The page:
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The hapless youth in an enchanting dream,

Thus views with extacy his fair one's charms; And whilst the playful tints of fancy beam,

Believes he clasps bis mistress in his arms.

Till şadly waking, with tumultuous joy,

He finds the object of his ardor fed, Again for lost Eliza heaves a sigh,

And bends with sorrow o'er the silent dead.

Like Lillystone did great Apelles draw,

When he so graceful shap'd the queen of love ; Man strangely felt, in spite of Nature's law,

The lifeless canvass could his passions move.

Titian's soft colouring, Guido's graceful air,

Proclaim an artist of superior kind;
Yet who, that sees her portraits, won't declare,
In them the image of herself we find:

Such soft emotions in her bosom reign,

Such grace and dignity her mind adorn, As prove that Lillystone, howe'er she feign, Is not a mortal, but an angel born.

A PROLOGUE

A PROLOGUE of mine to JANE SHORE,

Spoken by me at the Theatre in Southend the Night of

Miss Brookes's Benefit.

IN that just mirror of the human mind, Shakespeare's immortal page, this truth we find; .. The world's a stage, all men and women play’rs, Where each variety of acting shares. And Shakespeare's judgment who'll presume to doubt, Will any in this house or any out ? If any here should dare our bard t' asperse, And think that he, like minor sons of verse, Took not from life those characters he drew, All how unlike each other, all how true ; With modern novels Shakespeare's plays compare, Tho' here we see all truth, all fiction there; Such sceptic minds no pow'r on earıh could move, Not the fine arguments of England's Jove;

SO

se,

Him from whose lips the gentle accents flow,
Soft as the fleeces of descending snow;
Whose arm omnipotent can spread alarms,
Whose gentle voice can rouse the world to arms ;
Pitt, the great statesman, whose persuasive voice
Could make a nation in its ills rejoice ;
Could make John Bull with taxes blest, a store,
Cry out in extacy, encore, encore ;
Could make the budget, (that Pandora's Box,
Once but a Calf, now grown into an Os,)
So light appear, John Bull was wont to say
He felt no pressure, it so lightly lay;
So small in stature seem, tho' grown so big,
He call'd the budget, Billy's sucking pig.
Yet some then thought, in spite of John's wise head,
Pitt's pig so heavy, 'twas a pig of lead.
Sure beast so strange was never seen before,
The more it suck’d, it grunting squeak’d for more ;
Yet stranger too, tho' that may seem a jest,
Its mother strengthen’d, when it drain’d her breast !
This Pitt affirm’d, and he a Heav'n born man,
Knows more fur certain than poor mortals can;
Then thus he prov'd it; Britain, when at war,
Fresh strength acquires from cv'ry wound and scar;

'To

To it doth Heav'n such wond'rous vigour send,
The more it spends, the more it still can spend.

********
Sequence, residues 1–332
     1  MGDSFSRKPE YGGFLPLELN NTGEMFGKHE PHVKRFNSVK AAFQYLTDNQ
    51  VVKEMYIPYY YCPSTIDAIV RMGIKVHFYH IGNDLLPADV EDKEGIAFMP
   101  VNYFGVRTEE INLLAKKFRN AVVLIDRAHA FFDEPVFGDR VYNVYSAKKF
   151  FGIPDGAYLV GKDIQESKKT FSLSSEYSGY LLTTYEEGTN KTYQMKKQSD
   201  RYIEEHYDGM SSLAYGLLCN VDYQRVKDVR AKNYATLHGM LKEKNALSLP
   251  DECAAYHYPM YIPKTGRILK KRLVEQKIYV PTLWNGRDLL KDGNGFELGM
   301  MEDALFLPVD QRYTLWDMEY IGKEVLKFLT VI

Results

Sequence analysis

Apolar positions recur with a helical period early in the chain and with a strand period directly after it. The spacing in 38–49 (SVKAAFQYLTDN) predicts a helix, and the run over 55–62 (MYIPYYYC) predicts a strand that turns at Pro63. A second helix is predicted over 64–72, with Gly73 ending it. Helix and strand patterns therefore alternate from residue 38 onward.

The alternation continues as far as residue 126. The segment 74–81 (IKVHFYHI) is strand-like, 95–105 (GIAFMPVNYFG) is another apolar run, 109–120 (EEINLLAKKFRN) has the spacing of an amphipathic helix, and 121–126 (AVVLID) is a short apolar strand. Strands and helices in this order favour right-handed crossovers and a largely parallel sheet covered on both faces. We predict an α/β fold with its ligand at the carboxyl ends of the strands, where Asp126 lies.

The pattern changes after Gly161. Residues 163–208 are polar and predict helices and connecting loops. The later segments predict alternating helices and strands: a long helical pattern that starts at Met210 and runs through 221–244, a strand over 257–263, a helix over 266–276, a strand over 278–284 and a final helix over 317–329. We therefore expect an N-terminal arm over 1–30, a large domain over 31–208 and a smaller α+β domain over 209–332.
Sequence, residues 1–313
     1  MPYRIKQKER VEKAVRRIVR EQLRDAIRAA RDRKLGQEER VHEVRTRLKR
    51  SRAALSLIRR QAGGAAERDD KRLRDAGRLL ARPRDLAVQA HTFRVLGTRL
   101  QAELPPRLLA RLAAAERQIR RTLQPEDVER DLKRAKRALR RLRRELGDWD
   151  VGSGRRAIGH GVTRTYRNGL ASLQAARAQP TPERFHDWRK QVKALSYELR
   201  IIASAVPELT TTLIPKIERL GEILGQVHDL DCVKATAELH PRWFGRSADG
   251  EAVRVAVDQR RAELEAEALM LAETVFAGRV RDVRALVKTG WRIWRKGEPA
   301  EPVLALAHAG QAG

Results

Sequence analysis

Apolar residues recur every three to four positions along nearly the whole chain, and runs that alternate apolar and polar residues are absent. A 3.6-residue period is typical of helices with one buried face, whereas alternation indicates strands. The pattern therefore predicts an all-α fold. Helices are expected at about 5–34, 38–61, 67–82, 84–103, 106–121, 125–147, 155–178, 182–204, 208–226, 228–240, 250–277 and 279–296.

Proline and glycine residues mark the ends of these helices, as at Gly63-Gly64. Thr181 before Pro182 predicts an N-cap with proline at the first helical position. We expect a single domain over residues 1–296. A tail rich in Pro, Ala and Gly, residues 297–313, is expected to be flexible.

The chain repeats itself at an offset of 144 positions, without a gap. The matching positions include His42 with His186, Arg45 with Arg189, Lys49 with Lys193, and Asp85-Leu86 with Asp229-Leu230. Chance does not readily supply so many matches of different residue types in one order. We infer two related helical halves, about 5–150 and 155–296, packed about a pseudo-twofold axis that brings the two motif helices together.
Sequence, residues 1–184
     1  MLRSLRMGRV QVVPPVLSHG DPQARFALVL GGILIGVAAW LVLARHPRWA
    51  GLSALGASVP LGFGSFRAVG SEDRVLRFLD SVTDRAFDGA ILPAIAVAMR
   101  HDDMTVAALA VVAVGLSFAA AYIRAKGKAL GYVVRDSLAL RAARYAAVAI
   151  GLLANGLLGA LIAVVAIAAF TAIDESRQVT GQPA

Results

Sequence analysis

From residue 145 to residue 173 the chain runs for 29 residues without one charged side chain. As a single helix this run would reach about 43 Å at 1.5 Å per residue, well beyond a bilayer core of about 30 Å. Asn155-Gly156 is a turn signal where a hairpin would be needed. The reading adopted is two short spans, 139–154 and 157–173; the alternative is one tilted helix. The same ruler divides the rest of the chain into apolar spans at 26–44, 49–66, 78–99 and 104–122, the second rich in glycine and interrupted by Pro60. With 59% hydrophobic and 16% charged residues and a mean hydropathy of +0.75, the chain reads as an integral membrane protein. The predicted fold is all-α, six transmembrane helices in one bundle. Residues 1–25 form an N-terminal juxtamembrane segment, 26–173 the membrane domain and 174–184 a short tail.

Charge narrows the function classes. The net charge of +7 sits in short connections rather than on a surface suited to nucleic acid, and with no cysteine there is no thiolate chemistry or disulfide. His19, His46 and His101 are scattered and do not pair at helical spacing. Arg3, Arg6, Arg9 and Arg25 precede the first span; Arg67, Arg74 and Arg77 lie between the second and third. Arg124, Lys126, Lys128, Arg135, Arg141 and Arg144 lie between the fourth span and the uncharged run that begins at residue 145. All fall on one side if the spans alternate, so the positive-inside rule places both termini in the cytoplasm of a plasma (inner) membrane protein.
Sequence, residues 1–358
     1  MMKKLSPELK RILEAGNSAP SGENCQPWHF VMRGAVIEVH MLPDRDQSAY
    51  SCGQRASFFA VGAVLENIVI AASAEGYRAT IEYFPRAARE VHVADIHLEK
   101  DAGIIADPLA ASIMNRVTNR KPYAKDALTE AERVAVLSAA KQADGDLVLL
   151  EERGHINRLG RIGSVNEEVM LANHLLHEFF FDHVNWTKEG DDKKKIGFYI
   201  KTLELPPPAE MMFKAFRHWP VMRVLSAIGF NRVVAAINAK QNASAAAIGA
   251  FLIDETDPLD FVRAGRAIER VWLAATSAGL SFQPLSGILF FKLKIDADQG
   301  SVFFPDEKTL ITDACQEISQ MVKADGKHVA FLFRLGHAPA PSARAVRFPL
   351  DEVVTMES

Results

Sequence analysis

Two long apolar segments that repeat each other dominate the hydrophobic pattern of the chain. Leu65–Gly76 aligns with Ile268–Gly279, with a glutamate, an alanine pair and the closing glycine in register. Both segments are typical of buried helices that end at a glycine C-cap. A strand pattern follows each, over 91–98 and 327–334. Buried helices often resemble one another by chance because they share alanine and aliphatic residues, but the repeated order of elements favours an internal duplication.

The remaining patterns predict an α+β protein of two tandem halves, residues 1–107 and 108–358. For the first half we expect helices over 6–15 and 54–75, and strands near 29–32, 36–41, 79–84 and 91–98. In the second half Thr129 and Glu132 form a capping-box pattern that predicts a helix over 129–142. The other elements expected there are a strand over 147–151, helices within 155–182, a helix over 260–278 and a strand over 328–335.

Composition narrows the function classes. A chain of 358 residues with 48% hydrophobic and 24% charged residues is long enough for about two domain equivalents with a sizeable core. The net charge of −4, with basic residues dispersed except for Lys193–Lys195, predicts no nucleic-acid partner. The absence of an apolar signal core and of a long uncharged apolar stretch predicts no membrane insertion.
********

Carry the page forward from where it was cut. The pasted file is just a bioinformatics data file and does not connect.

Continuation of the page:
But hence these jokes on patriot god-like Pitt, Jokes only meant to shew your poet's wit ; Who like some fishermen, his wit once set, Takes all for fish, that come into his net. Trust me who thinks not Pitt all good and wise, Knows not where virtue, where true honor lies; Or did not bigot hate and party zeal Lock up his soul in adamantire steel, Candid he'd own, Pitt's rich capacious mind Proves him a Premier born, to save mankind : Whilst Bonaparte, whom the devil take, Shews that he's born for whom, his own dear sake; Old Nick's sweet babe, to whom some' witch gave suck, Aud for his fortune gave, the devil's luck.

Gentle Jane Shore to-night with meagre looks, (Her face not much unlike the phiz of Brookes,) Implores your patronage, yet lanker still, Will be Brooke's visage, if her house don't fill. No cheeks more smooth than hers, nor any plumper, Should she behold this house to-night a bumper;

Should

Should she behold, like Lady Faddle's rouť,
Her friends ụnable to get in or out ;
Pinion’d and squeez'd like fowls upon a spit,
All parts choak’d up, box, gallery, and pitt,
Six inches square to stand on, six to sit ;
Then would your Brookes with gratitude run o'er,
As when the rains in sudden torrents pour,
And in a flood of joy raise up her head,
Dripping like Neptune's on his oozy bed.
Whilst rich Old Thames, who owes so much to Brooks,
Would thank you with his best, his gentlest looks,
Smooth his rough waves, and swelling high bis tide,
Enable frigates at Southend to ride.
And Thames with Neptune in close friendship join'd,
A fig for all the Powers on earth combin’d.
At all events to Brookes this praise is due,
To please her friends has been her only view;
Her bill of fare perchance, a little odd,
For which don't lash her with the critic's rod.

Did you not think me now a horrid bore,
I'd crave your intʼrest for your native Shore,
And trespass on your time one moment more.
Close to the sea too shall I plead in vain,
When Southend shore to you is no small gain;

And

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